Welcome to the third Each and Every Child newsletter!

Happy new year!

2022 brings Each and Every Child into the second year of the initiative. We wanted to start this year by sharing some thoughts on what we have been doing, and our plans for the year ahead.

Last year saw us launch our Framing Care Experience toolkit and we were delighted to share our evidenced based research and recommendations with you all. Over the year we delivered 25 ‘Introduction to Framing and Framing Care Experience’ sessions to over 550 individuals. It has been a learning journey for all of us, exploring how framing can be put into practice across different organisations, focusing on the particular needs and roles of each team we worked with. It has been inspiring to meet so many committed people working to support children, young people, and their families through challenging times

Changing wider societal attitudes towards people with lived experience of care will take time. We need to improve understanding of the wider context of the challenges families face on a daily basis and how we can build a flexible, responsive, trauma informed support system to build stronger communities where everyone can thrive. However, we are already seeing the impact of framing to set out a new way of supporting children, young people and their families:

“Plan 21-24 isn’t about building a new ‘system’. Rather, it is about building a country that cares, made up of services that work to meet the needs of children and families where and when they are needed. The system, the scaffolding around services, policy, budgets and legislation are secondary, and must shift to facilitate what children and families need and reflect what they have said matters at every level” – Fiona Duncan, The Promise Scotland

Framing has also been used to challenging stigma and to advocate for services that are needed to support our young people:

“If every family got the scaffolding of support around them and people got the right support and the right time, every child would have the opportunity to thrive regardless of their background… Scotland needs to get better at giving support to all families”Kenny Murray – Who Cares? Scotland

“The key thing with scaffolding is you would never pull it away if you suspected the building wasn’t strong enough to stand alone”Voices of Experience Member

Our biggest learning has come from the Voices of Experience Reference Group, which has been co-designing sessions to support people with experience of care to explore the framing recommendations when sharing their stories and experiences. One of the main topics of discussion was around the impact that people sharing their experiences has on service redesign, and how could framing support them to influence change. This led to a further discussion on re-traumatisation and how we can ensure people feel safe and protected when sharing their stories in a wider forum. We are currently also developing a session for the workforce that explores changes we can make in our practice to ensure that people with lived experience feel safe, protected and in control of how, where and why they share their stories and experiences.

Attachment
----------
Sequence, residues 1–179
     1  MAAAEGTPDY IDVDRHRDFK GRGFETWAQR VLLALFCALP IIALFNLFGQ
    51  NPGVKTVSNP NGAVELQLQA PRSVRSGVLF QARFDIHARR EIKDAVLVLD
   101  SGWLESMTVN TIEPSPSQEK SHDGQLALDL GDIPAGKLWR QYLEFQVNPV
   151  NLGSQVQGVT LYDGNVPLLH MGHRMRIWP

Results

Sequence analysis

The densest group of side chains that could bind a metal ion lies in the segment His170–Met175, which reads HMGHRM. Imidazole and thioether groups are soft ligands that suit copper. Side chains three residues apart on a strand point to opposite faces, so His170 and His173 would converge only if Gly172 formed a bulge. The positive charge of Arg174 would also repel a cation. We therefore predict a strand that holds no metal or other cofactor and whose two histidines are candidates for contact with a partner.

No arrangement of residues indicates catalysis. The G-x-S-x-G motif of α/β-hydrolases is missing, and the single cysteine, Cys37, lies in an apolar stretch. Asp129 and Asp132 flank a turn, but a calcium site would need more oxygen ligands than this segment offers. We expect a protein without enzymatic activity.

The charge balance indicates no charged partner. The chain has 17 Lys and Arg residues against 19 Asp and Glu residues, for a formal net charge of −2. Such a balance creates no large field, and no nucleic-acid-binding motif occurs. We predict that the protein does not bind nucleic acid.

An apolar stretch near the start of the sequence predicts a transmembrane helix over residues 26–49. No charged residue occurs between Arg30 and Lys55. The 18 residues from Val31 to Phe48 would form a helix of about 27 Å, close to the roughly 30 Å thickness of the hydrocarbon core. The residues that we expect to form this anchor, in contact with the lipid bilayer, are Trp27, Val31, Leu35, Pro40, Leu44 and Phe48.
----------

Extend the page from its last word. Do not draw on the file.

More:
The Voices of Experience Reference group will continue to work alongside us both as co-designers and co-facilitators. In the near future we are aiming to create a podcast to share the learning – so please keep an eye (and an ear) out for this!

We are at the start of the journey of Framing Care Experience. However, I wanted to share some thoughts on the scale of what could be achieved by looking at how framing is being used to affect change in conversations around poverty. Here, similar framing techniques and research have been used for several years and we can now see the impact that this is having on the discourse around poverty. In 2021 we saw big conversations around the cut to universal credit, and within these conversations how commonly the terms “a lifeline of support” and “the rising tide of poverty” were used by campaigners, the media and politicians. Both of these terms are excellent examples of the use of metaphor to explain and expose the systems at work. Most significantly, we need to ask: has this changed public opinion? Have we galvanised the public to take action? We only have to look at the public response to Marcus Rushford’s campaign to demand free school meals. What struck me in particular was the way his whole community took action when a mural depicting his contribution to his community was defaced. The community came together in support.

This is our ambition for framing Care Experience. We have the power to tell a new story, that challenges the stigma of care and that supports the public to understand the breadth of services that are required to support our children, young people and families. By activating that sense of collective responsibility, we can realise the ambition of The Promise – that Scotland is a nation that cares for Each and Every Child.

Best wishes,

Claire O’Hara
Each and Every Child Programme Director